When Kirk Kerkorian donated over 300 million to U.C.L.A.and not Armenia,he knew inside story of the crooked politcians He knew the poor people wouldnt get a sou.

  5. Hrair said:

    Hi, I respect the legacy and good will of all people in ARF , all fellow Armenians who do get involved in national matters of importance and take part.
    I respect past and present hard work of all community, political, social, cultural organizations and bow front of their relentless efforts to remedy the wounds and needs of Armenian nation after the catastrophe of the 1915 genocide. I agree and realize that that not everything is perfect in the political, social economic reality in the Republic of Armenia of today. At the same time I realize that the same is true in any given country to some degree, even in here in USA that is considered to be the bastion of democracy and freedom. I respect and value all the hard work that many individuals and organizations are doing to positively contribute, improve, and resolve many real problems here in our country (USA) as well as in Armenia. But I’m sorry to say that I disagree with this article and its tone, this sort of outlook and attitude screams sour grapes syndrome… that is neither constructive nor positive. At no time there ever was an ideal condition, politician or democracy per say at any one place… ( not to mention in Armenia)Please mercy the Armenian nation further wasting energy on divisive sectarian politics, egos and ambitions. Let’s continue the good work that everyone does for the sake of the nation and pan Armenian aspirations, the Hay Tad, etc. Serving the nation does not get recognized by a throne, title or position… People know about all the wrongs and all the violators / crooks … this is not news, as they say “it came this way and will go on this way” and that “the honey vendor will always leak its finger”… Please just show me a virtuous politician… Please… anywhere… just one…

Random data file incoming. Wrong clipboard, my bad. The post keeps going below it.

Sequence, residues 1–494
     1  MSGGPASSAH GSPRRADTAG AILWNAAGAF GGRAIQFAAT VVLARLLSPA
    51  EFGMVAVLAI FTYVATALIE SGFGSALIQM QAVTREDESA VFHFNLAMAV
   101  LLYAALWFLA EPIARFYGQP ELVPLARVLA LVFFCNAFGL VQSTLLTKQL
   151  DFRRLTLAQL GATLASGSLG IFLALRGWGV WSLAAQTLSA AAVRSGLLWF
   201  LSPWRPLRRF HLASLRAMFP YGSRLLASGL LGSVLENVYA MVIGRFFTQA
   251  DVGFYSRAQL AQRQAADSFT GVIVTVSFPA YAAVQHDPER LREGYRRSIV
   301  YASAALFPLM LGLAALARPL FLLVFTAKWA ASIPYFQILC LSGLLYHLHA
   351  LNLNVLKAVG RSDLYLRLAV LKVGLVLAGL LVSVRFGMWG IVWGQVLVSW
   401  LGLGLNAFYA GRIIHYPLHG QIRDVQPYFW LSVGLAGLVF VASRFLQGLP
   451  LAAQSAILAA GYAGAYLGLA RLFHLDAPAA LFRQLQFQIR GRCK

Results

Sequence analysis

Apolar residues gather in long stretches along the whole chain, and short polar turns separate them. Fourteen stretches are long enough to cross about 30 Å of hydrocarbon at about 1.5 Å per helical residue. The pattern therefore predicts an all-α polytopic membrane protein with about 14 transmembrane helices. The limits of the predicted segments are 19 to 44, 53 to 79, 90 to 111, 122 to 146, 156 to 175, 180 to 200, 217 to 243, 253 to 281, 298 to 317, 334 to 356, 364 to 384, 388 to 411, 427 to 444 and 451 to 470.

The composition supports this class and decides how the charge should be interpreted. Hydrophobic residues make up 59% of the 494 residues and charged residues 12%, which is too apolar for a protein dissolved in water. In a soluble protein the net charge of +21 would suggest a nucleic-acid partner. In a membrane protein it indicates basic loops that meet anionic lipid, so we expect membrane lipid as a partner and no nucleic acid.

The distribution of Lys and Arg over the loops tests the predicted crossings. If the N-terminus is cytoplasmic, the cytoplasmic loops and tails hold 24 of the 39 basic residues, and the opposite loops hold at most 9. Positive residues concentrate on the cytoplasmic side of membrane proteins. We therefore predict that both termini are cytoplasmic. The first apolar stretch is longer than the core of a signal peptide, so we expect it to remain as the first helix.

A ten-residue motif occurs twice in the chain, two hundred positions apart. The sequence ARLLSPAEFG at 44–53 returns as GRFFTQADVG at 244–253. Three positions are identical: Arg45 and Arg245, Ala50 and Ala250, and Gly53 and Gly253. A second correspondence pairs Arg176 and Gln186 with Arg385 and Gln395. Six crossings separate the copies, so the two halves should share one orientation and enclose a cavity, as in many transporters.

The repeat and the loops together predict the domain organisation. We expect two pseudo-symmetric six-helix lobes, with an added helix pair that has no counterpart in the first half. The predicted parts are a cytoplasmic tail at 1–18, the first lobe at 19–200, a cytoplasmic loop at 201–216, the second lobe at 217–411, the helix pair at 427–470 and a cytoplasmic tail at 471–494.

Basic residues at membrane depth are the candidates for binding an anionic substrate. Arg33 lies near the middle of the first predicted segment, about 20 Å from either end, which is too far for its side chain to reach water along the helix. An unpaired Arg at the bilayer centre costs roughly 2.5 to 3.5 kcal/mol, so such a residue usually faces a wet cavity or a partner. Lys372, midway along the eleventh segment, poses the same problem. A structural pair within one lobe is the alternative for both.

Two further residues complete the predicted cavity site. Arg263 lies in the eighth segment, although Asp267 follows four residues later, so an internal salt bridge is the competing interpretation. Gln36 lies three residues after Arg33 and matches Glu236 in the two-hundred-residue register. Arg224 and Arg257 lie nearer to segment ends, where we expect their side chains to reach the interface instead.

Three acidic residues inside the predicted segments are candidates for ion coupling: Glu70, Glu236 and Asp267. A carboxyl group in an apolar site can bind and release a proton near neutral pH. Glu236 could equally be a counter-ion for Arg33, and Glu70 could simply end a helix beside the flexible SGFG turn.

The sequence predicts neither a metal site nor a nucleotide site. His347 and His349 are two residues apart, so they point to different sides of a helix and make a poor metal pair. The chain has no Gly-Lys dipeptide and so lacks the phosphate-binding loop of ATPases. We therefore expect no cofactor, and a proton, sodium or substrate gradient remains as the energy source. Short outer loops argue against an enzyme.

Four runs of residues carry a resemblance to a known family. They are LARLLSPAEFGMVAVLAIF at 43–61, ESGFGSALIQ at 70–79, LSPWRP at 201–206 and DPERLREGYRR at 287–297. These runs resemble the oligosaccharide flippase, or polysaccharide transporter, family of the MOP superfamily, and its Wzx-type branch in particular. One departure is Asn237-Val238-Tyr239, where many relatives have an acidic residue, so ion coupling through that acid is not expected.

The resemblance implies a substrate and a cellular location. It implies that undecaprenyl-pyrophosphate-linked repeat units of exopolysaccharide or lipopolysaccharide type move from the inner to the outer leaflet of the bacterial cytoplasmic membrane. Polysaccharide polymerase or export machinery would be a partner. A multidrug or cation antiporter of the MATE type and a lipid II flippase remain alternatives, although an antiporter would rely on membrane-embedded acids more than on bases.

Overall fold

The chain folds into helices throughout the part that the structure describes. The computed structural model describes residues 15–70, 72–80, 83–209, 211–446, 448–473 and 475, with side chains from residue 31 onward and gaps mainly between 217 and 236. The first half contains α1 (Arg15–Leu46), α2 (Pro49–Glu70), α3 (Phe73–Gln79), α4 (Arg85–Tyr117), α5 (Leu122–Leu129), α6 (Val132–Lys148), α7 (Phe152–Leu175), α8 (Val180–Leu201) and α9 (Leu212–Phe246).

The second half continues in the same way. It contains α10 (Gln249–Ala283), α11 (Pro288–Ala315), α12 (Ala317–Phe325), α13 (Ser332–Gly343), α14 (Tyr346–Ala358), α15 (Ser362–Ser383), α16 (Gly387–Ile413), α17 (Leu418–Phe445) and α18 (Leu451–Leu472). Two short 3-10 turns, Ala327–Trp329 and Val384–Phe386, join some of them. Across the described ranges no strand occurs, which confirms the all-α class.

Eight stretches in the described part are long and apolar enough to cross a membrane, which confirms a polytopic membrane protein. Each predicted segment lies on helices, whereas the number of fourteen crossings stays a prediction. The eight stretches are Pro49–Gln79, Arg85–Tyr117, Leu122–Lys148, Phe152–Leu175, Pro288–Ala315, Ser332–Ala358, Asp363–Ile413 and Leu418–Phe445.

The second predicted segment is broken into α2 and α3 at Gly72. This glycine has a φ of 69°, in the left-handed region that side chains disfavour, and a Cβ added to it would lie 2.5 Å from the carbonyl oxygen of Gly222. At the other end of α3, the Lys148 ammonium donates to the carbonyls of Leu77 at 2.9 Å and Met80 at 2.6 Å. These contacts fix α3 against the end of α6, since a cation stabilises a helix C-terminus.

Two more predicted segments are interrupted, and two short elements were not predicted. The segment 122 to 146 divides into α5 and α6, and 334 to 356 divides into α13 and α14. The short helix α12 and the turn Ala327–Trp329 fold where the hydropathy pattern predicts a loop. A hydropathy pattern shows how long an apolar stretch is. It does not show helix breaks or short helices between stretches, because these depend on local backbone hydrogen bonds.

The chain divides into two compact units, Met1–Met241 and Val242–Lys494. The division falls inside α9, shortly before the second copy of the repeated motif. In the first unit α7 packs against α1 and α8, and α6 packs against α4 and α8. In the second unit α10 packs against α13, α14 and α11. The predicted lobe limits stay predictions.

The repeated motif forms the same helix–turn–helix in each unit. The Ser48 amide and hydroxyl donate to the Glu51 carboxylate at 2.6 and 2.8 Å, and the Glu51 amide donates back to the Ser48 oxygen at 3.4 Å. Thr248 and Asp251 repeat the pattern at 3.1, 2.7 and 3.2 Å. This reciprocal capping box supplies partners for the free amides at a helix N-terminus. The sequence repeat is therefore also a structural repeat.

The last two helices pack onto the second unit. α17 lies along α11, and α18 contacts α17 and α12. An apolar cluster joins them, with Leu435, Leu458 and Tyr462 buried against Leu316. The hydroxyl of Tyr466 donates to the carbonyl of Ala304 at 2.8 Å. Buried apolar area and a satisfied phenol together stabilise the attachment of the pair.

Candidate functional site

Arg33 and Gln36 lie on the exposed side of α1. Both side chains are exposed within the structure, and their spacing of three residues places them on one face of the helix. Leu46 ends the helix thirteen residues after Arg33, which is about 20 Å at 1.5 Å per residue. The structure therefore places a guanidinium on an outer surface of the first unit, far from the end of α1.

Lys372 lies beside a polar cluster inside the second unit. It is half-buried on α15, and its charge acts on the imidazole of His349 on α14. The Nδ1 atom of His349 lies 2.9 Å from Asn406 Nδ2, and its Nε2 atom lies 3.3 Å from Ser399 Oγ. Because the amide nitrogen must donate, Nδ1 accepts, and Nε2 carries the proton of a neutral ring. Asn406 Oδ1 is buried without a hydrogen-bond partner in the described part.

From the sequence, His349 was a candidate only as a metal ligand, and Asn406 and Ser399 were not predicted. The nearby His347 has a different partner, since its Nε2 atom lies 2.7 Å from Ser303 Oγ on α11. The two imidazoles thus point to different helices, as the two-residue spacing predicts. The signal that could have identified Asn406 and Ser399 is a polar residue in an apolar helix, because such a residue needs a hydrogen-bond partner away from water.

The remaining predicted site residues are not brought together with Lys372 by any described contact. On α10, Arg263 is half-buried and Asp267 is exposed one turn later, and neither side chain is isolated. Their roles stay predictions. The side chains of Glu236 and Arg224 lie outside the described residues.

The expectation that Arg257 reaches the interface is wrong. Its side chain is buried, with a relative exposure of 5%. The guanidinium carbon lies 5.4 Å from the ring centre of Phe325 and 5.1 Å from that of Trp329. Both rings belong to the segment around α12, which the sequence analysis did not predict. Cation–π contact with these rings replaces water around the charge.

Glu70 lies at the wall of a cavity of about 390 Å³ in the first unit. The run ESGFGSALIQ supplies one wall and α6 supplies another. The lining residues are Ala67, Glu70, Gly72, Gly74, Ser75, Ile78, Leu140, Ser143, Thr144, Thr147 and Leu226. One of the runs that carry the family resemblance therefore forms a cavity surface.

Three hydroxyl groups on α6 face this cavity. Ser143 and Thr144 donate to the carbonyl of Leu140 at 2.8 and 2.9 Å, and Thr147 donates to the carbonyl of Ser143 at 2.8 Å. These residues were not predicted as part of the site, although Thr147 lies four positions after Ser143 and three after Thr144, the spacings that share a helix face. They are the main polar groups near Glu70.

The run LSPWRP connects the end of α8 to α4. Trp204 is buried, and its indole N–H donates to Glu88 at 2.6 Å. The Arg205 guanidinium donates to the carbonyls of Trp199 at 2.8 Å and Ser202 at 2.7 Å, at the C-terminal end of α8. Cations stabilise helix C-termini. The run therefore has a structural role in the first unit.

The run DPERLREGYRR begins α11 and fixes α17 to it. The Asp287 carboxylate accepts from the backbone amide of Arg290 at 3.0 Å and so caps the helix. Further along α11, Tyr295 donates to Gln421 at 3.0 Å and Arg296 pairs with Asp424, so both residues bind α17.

Armenian nation has more pressing issues, like the Hay tad, the genocide related reparations , Like strengthening Artsak and Armenia’s border towns and borders, improving the social- economic conditions, like preservation of national identity/ language etc . in the diaspora and others.

  6. Armen said:

    Based on current situation of unemployment and people leaving the country out of desperation…current government is unable to manage the society & its needs. This situation requires fundamental changes to current government.

  7. Tsoghig said:

    The best thing i took from this article was that diasporan Armenians are there monitoring and calling out Sarkisyan’s voting “irregularaties” and they are not getting beat up for it. Although i am sure the Armenians of Armenia may get annoyed by the diaspora, there is no other country that has such a vibrant diaspora trying to help Armenia become the awesome country it has the potential of being. I hope i am not coming off as condescending.

  8. ArdeVast Atheian said:

    I am dismayed that Kirk Kerkorian has donated his $300 billion to UCLA. Our own precious Armenia needs and deserves that money far more than UCLA. If something is not right in Armenia I say invest your money in trying to change it. Kirk could have donated that money to Tashnagtsutiun with the specific purpose of rewarding politicians who are not corrupt. You don’t end corruption by washing your hands off it but by investing your money in activities that will end that corruption. Money is the way to accomplish anything and everything those days.
    All of us strive for a non-corrupt government in Armenia but we never deny our precious little Armenia the means to achieve it.
    Kirk for the sacred cause of our own Armenia, please reconsider your donation.